Savages have ploughed a year rich in acclaim and credibility, with an audacious band manifesto heralding their “self-affirming voice”, a debut album – Silence Yourself – universally applauded by anyone who cared to listen, and consistently killer live shows that are truly transmogrifying. Jumping off from post-punk, their sound is alchemical, with Fay Milton's urgent drumming pitted against Jehnny Beth's subterranean howl while Ayse Hassan and Gemma Thompson's guitars frantically slice up the air. The four-piece are so airtight that it would seem nothing could prise them open – so as they prepare to hang up their weapons for a well-earned rest, Jehnny Beth to reflects on her trying yet exhilarating year.
“Touring as intensely as we did in 2013 was an amazing experience but it was also very tiring. It came to a point where I had to face my limits. I lost my voice and was feeling physically very weak. We've learned from these experiences to be more involved in the initial booking of the tour. Now that we know more about what it takes, it's easier to plan in advance. It's always a shame when you see musicians all weak, walking wounded. Having to cancel a few dates last minute is never an ideal scenario for anybody...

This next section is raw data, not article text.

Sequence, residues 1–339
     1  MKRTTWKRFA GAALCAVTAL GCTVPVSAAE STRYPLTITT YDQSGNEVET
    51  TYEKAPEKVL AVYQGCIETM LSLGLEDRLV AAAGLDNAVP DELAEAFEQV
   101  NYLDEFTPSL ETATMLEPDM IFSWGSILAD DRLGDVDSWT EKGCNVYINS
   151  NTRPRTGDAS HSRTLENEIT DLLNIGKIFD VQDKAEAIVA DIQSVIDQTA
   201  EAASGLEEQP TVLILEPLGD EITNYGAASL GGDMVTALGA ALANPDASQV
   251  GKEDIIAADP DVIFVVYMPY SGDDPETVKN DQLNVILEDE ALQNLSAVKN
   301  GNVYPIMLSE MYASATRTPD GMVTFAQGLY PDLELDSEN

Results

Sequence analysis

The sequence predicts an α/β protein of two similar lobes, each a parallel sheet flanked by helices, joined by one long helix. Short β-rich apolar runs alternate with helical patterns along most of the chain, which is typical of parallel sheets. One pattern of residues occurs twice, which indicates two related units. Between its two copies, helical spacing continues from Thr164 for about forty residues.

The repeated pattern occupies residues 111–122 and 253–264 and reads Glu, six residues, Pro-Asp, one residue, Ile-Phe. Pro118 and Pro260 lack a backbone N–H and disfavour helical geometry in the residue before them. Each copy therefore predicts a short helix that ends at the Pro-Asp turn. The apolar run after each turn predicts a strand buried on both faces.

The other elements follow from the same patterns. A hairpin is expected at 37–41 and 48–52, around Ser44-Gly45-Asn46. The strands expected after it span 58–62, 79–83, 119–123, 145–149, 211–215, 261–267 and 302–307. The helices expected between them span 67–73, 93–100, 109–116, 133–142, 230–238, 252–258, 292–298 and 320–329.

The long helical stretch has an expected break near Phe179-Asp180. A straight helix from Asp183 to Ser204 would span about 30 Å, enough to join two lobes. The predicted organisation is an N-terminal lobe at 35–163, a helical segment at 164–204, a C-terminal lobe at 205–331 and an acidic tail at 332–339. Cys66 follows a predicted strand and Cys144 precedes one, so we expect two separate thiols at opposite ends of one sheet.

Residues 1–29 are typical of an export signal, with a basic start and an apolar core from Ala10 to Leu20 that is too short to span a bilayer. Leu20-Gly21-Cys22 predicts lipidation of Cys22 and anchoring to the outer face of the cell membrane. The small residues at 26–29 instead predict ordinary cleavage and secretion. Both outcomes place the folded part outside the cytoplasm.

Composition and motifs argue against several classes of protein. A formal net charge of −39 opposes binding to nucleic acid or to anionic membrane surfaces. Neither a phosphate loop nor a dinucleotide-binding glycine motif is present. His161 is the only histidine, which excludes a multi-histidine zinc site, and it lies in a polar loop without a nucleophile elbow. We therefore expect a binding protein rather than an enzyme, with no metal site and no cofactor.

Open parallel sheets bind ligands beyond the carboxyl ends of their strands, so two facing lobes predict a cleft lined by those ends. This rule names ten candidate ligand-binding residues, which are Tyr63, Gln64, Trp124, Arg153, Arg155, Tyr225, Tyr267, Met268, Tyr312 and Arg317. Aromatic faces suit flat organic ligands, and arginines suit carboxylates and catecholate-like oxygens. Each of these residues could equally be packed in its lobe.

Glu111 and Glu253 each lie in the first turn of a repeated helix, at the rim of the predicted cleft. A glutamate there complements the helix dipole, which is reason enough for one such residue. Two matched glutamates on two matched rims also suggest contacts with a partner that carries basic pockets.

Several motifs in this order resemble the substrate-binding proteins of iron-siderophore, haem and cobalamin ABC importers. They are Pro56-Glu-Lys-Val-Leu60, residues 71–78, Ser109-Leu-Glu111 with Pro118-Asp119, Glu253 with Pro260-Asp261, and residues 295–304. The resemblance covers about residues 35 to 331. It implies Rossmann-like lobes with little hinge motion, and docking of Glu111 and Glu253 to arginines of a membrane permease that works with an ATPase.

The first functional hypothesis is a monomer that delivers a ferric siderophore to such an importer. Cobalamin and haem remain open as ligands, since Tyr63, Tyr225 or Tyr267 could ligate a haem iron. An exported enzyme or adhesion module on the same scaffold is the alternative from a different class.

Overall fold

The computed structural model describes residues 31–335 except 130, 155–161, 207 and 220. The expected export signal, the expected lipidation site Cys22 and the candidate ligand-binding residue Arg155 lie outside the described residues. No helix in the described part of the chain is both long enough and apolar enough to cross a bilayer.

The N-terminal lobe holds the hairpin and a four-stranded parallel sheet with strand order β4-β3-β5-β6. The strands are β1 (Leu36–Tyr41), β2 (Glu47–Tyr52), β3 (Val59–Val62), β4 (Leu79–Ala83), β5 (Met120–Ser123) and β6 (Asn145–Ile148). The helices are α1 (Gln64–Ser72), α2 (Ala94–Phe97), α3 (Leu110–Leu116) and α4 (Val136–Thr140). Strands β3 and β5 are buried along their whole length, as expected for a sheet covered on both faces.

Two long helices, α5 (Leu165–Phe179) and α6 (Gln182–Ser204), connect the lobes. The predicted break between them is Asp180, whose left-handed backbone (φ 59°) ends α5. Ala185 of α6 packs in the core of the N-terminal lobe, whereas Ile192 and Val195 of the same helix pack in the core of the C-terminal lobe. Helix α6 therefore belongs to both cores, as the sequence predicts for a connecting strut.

It's very important to manufacture the right environment to keep feeling inspired and be creative as a band, especially on the road. Having the right support is a huge part of it. I am always happy when Johnny Hostile comes on tour with us. His energy and influence on the band is very positive. We were lucky to have him and Duke Garwood playing with us alternatively, as well as together, for most of the American and European tours this year.
One day in America, we stopped in Omaha to record a cover of "Dream Baby Dream" by Suicide for a new film by Tristan Patterson. It was a suggestion from Johnny Hostile and we were so happy to do something creative again while on the road. We finished the mixing in Seattle a few days later.
“There's nothing really I would have done differently because it would mean having regrets and I have none, but as Henry Rollins says, 'the business I'm in is brutal'”
Another highlight for me was when we organised the event in memory of the Australian guitarist and songwriter Rowland S. Howard at the BFI in London with Australian duo HTRK. We screened the documentary about his life Autoluminescent directed by Richard Lowenstein and Lynn-Maree Milburn. It was very moving, I think Rowland would have loved it.
There's nothing really I would have done differently because it would mean having regrets and I have none, but as Henry Rollins says, 'the business I'm in is brutal.' It isn't a secret to anybody that there are still a lot of things going wrong in this industry, artists often being the first to suffer the consequences. I saw a bunch of weird stuff other the year, things I wish I could have really done something about. I guess I will carry on trying my best to make sure everything keeps improving. Making mistakes is unavoidable, it's just the way we try not to repeat them that is important.
I don't feel more pressure now but I do feel physically very exhausted. I certainly don't feel any stronger; I think touring has the effect of draining you and I think actually now all of us would probably say we need to regroup and gather our strength again; being at home is definitely the best place for that.”
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